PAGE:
February 2003
Focus on Taxes

From the NYS Assembly • Sheldon Silver, Speaker
Herman D. Farrell, Jr., Chair, Ways and Means Committee

The governor’s budget will take money from working families

"[D]espite all the rhetoric, this proposed budget would actually lead to tremendous increases in local property taxes by shifting more of the burden of paying for good schools to property taxpayers."

– Alan B. Lubin, Executive Vice President, New York State United Teachers

"The proposed budget would not only cut deeper into Medicaid reimbursement for health care services, it also imposes a ‘sick tax’ on the most vulnerable New Yorkers — those who are receiving hospital, nursing home, and home care."

– Daniel Sisto, President, Healthcare Association of New York State

"The impact on communities which now are overburdened is going to be incredible. It might be so significant that empire-zone boards might decide not to give incentives because they can’t afford them."

– Brian McMahon, Executive Director of the New York State Economic Development Council, on the governor’s plan to cut Empire Zones

"Nobody has money for spending, and if you start changing taxes, who’s going to buy?"

– Susie Wong, discount clothing store manager

"You can define job-killing taxes anyway you want. But if you increase a tax targeted at a specific industry, you are potentially affecting employment in that industry at a very vulnerable economic time."

- E.J. McMahon, Manhattan Institute

Governor’s wrong budget choices hike taxes $6.7 billion — kill job programs.

After weeks of promising not to raise taxes, the governor released a budget proposal containing nearly $6.7 billion in numerous hidden taxes, fees, and surcharges – showing that his rhetoric doesn’t match reality.

One look at his proposal and you can see he’s attempting to balance the budget by taking money directly out of the pockets of working families and the most vulnerable members of our society – those who are least able to bear the burden of his failed economic development policies. The governor put us in this spot by having failed to take advantage of the longest economic expansion in our nation’s history. Our economy was already suffering before the devastating effects of September 11 — now we’ve got nothing but tough choices to make.

Picking the pockets of working families

Despite promises not to raise taxes, the governor’s proposal includes several back-door hikes that will hurt New York’s working families the most, including:

  • discontinuing the tax exemption on clothing and shoes;

  • hiking SUNY and CUNY tuition by $1,200 and cutting TAP awards by one-third;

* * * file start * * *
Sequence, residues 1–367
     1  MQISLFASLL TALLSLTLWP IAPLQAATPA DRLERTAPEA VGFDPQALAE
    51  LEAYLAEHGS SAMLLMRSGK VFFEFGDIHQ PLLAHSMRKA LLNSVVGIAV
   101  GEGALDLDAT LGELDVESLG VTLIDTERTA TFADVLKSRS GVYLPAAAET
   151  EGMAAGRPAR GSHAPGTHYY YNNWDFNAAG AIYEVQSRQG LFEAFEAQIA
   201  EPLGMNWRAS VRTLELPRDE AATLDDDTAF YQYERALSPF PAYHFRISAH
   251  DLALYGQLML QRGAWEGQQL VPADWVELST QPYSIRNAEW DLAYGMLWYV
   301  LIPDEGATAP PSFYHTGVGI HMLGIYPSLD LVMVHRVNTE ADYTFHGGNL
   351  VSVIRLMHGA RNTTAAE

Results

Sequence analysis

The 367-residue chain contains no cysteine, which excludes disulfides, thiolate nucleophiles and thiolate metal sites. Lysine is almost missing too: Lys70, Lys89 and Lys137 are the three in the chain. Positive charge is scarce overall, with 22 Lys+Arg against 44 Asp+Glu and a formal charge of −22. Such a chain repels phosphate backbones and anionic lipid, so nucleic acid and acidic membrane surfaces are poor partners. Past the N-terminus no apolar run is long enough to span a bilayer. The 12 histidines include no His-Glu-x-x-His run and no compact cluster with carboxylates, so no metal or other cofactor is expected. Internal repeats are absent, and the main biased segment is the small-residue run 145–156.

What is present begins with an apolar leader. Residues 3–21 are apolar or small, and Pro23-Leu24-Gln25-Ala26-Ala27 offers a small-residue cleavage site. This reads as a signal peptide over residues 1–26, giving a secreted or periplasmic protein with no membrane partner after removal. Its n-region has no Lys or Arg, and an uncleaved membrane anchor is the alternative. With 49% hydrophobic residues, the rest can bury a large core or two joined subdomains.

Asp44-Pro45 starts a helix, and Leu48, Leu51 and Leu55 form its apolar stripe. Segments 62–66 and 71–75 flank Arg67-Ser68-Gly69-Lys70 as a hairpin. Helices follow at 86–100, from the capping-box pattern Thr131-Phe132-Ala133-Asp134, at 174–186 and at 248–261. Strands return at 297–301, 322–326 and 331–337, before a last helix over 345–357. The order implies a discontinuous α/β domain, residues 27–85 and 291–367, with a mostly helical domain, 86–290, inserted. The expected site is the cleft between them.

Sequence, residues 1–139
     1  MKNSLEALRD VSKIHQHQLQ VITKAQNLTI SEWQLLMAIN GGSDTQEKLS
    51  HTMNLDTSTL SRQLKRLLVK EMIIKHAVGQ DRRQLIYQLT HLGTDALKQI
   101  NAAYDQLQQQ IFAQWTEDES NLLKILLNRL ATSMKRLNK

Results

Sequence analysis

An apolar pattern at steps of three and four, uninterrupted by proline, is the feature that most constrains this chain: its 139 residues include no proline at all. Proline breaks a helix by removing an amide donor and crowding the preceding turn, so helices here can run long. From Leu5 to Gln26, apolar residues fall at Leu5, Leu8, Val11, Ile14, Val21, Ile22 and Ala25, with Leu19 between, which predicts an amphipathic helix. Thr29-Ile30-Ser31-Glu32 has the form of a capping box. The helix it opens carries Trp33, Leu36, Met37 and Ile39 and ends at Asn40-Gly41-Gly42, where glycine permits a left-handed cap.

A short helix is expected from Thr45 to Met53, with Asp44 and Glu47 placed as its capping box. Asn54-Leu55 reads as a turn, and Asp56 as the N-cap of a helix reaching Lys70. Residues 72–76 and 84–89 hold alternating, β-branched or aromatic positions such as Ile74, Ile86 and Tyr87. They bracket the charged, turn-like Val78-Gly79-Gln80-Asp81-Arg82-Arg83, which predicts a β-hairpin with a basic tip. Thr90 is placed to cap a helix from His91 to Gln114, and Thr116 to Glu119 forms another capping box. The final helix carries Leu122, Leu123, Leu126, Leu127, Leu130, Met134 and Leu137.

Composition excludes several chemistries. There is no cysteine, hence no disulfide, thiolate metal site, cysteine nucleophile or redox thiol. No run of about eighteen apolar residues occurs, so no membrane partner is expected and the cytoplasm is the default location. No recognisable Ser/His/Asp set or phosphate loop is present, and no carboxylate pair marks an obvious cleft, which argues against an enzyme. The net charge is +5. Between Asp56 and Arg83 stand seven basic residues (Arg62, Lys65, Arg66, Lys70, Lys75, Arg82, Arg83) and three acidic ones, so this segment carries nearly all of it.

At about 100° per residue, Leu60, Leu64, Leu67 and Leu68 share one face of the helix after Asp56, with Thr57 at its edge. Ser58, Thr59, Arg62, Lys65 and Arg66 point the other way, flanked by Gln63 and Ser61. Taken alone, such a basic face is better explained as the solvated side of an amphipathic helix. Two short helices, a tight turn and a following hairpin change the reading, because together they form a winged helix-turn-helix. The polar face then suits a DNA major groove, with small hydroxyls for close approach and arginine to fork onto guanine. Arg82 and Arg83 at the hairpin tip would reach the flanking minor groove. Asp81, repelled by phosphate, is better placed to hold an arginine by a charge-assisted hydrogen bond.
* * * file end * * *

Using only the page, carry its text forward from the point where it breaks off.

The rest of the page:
• slashing school aid $1.4 billion and freezing the STAR program.

Shifting the cost of a quality education on to property taxpayers

By slashing school aid $1.4 billion, increasing class sizes, and shutting down pre-K programs, the governor jeopardizes our children’s education and pushes the cost onto property taxpayers. He’s also proposing a $1,200 tuition increase for SUNY and CUNY as well as a one-third cut to the TAP program — putting the college dream out of reach for too many families.

Hidden taxes that make health care less affordable

The governor’s $2 billion cut to health care and Medicaid funding will make the already high cost of health care coverage rise for millions of New Yorkers. The governor’s damaging budget proposals raise fees for the EPIC program by 10 percent, reinstate at a higher rate a 0.7 percent tax on hospitals, and impose a 0.6 percent tax increase on other certified home health agencies, home care agencies, and personal care agencies.

Eliminating job-creating tax incentives

When the Assembly called for a coordinated economic development program to build on New York’s unique regional strengths, the governor balked and continued pushing his failed policies — leaving New York almost last in the nation in economic growth. Now, he wants to cut state support for Empire Zones — the most successful job-creation plan in New York’s history — forcing local communities struggling to turn their economies around to either pay up, or risk losing more jobs and businesses.

The Assembly is committed to working families

During upcoming budget negotiations, the Assembly will work to make the right choices for New York by fighting tax hikes while protecting the vital services we depend on — without putting the burden on working families and the most vulnerable of our citizens.

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